T1H–EBC(100) - Host Engineering

T1H–EBC(100) - Host Engineering
Terminator I/O
Ethernet Base Controller
Manual
Manual Number T1H–EBC–M
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1
Manual Revisions
If you contact us in reference to this manual, be sure and include the revision number.
Title: Terminator Installation and I/O Manual
Manual Number: T1H–EBC–M
Edition/Rev
Date
Description of Changes
Original
11/01
original issue
2nd Edition
08/04
added T1H–EBC100, NetEdit3
HTML Configuration
Table of Contents
ii
Chapter 1: Introduction
Manual Overview . . . . . . . . . . . . . . . . . . . . . . . . . . . . . . . . . . . . . . . . . . . . . . . . . . . . . . . . . . . . . . . . . . . .
Overview of this Manual . . . . . . . . . . . . . . . . . . . . . . . . . . . . . . . . . . . . . . . . . . . . . . . . . . . . . . . . . . .
Other Reference Materials . . . . . . . . . . . . . . . . . . . . . . . . . . . . . . . . . . . . . . . . . . . . . . . . . . . . . . . . .
Who Should Read This Manual . . . . . . . . . . . . . . . . . . . . . . . . . . . . . . . . . . . . . . . . . . . . . . . . . . . . .
Technical Support . . . . . . . . . . . . . . . . . . . . . . . . . . . . . . . . . . . . . . . . . . . . . . . . . . . . . . . . . . . . . . . . .
Key Topics for Each Chapter . . . . . . . . . . . . . . . . . . . . . . . . . . . . . . . . . . . . . . . . . . . . . . . . . . . . . . .
Ethernet Base Controller Overview . . . . . . . . . . . . . . . . . . . . . . . . . . . . . . . . . . . . . . . . . . . . . . . . . . .
I/O Values Stored in Cache Memory . . . . . . . . . . . . . . . . . . . . . . . . . . . . . . . . . . . . . . . . . . . . . . . . .
Industry Standard Ethernet . . . . . . . . . . . . . . . . . . . . . . . . . . . . . . . . . . . . . . . . . . . . . . . . . . . . . . . . .
T1H–EBC/T1H–EBC100 . . . . . . . . . . . . . . . . . . . . . . . . . . . . . . . . . . . . . . . . . . . . . . . . . . . . . . . . . . .
RS–232C Serial Port . . . . . . . . . . . . . . . . . . . . . . . . . . . . . . . . . . . . . . . . . . . . . . . . . . . . . . . . . . . . . .
1–2
1–2
1–2
1–2
1–2
1–3
1–4
1–4
1–5
1–5
1–5
Chapter 2: Installation and Setup
Installing the Ethernet Base Controller . . . . . . . . . . . . . . . . . . . . . . . . . . . . . . . . . . . . . . . . . . . . . . . .
2–2
Setting the Node Address . . . . . . . . . . . . . . . . . . . . . . . . . . . . . . . . . . . . . . . . . . . . . . . . . . . . . . . . . . . .
Several Methods for Setting Node Address . . . . . . . . . . . . . . . . . . . . . . . . . . . . . . . . . . . . . . . . . . .
Setting the Node Address Using the Rotary Switches . . . . . . . . . . . . . . . . . . . . . . . . . . . . . . . . . .
Setting Node Address with Software Tool . . . . . . . . . . . . . . . . . . . . . . . . . . . . . . . . . . . . . . . . . . . .
10BaseT / 100BaseT Network Cabling . . . . . . . . . . . . . . . . . . . . . . . . . . . . . . . . . . . . . . . . . . . . . . . .
10BaseT/100BaseTconnections . . . . . . . . . . . . . . . . . . . . . . . . . . . . . . . . . . . . . . . . . . . . . . . . . . . . .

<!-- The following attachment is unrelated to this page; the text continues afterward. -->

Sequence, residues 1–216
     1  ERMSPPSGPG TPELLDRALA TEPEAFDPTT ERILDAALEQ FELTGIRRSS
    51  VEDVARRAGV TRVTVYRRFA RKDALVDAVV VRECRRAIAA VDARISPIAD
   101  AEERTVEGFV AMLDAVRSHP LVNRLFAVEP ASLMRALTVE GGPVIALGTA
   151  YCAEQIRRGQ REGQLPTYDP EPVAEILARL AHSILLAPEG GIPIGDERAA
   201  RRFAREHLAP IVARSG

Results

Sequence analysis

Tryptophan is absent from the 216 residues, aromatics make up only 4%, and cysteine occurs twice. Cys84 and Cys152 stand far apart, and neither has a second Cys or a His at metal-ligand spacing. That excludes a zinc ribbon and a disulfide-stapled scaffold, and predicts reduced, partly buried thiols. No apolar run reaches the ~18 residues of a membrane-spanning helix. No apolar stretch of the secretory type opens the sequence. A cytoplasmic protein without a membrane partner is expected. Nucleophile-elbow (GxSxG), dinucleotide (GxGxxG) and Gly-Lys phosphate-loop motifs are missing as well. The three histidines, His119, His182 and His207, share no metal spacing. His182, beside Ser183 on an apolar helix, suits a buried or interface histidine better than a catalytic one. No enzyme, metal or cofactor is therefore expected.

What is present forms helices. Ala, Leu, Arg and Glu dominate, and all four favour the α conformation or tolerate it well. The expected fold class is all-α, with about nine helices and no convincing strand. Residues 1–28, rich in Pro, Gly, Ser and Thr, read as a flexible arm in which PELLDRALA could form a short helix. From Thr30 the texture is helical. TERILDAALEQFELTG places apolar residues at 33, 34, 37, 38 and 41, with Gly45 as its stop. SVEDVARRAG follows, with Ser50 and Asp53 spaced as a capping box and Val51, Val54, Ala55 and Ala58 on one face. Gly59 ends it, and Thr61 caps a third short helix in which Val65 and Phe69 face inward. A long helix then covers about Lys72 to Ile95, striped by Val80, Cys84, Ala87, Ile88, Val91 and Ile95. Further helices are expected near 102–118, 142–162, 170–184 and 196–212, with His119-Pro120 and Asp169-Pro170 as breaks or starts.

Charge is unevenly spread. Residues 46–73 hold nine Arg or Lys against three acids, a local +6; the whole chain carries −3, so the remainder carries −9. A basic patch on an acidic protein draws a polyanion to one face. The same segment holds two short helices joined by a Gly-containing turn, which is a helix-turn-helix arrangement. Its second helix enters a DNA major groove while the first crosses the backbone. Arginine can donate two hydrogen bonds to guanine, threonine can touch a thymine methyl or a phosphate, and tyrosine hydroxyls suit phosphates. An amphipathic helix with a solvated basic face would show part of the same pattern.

Serial Port (RS–232) . . . . . . . . . . . . . . . . . . . . . . . . . . . . . . . . . . . . . . . . . . . . . . . . . . . . . . . . . . . . . .
Maximum 10BaseT / 100BaseT Cable Length . . . . . . . . . . . . . . . . . . . . . . . . . . . . . . . . . . . . . . . . . .
2–3
2–3
2–3
2–3
2–4
2–4
2–5
2–5
T1H–EBC Ethernet Base Controller Specifications . . . . . . . . . . . . . . . . . . . . . . . . . . . . . . . . . . . . .
2–6
T1H–EBC100 Ethernet Base Controller Specifications . . . . . . . . . . . . . . . . . . . . . . . . . . . . . . . . .
2–7
LED Indicators and Hot Swapping I/O Modules . . . . . . . . . . . . . . . . . . . . . . . . . . . . . . . . . . . . . . . .
Check External 24VDC Wiring Before Hot Swapping . . . . . . . . . . . . . . . . . . . . . . . . . . . . . . . . . .
Hot Swap: I/O Module Replacement . . . . . . . . . . . . . . . . . . . . . . . . . . . . . . . . . . . . . . . . . . . . . . . . .
Ethernet Standards . . . . . . . . . . . . . . . . . . . . . . . . . . . . . . . . . . . . . . . . . . . . . . . . . . . . . . . . . . . . . . . . . .
2–8
2–9
2–9
2–10
Chapter 3: Configuring the T1H–EBC(100) Using NetEdit3
NetEdit3 Software . . . . . . . . . . . . . . . . . . . . . . . . . . . . . . . . . . . . . . . . . . . . . . . . . . . . . . . . . . . . . . . . . . .
Installing NetEdit3 . . . . . . . . . . . . . . . . . . . . . . . . . . . . . . . . . . . . . . . . . . . . . . . . . . . . . . . . . . . . . . . . .
Launching NetEdit3 . . . . . . . . . . . . . . . . . . . . . . . . . . . . . . . . . . . . . . . . . . . . . . . . . . . . . . . . . . . . . . .
The NetEdit3 Screen . . . . . . . . . . . . . . . . . . . . . . . . . . . . . . . . . . . . . . . . . . . . . . . . . . . . . . . . . . . . . .
Adding Network Protocol Support to the NetEdit3 PC . . . . . . . . . . . . . . . . . . . . . . . . . . . . . . . . . .
Using NetEdit3 . . . . . . . . . . . . . . . . . . . . . . . . . . . . . . . . . . . . . . . . . . . . . . . . . . . . . . . . . . . . . . . . . . . . . .
3–2
3–2
3–3
3–3
3–4
3–5
Ethernet Communication Protocol . . . . . . . . . . . . . . . . . . . . . . . . . . . . . . . . . . . . . . . . . . . . . . . . . . .
Ethernet Address . . . . . . . . . . . . . . . . . . . . . . . . . . . . . . . . . . . . . . . . . . . . . . . . . . . . . . . . . . . . . . . . .
Module Type, IP Address and ID . . . . . . . . . . . . . . . . . . . . . . . . . . . . . . . . . . . . . . . . . . . . . . . . . . . .
Module Info>General Information . . . . . . . . . . . . . . . . . . . . . . . . . . . . . . . . . . . . . . . . . . . . . . . . . . .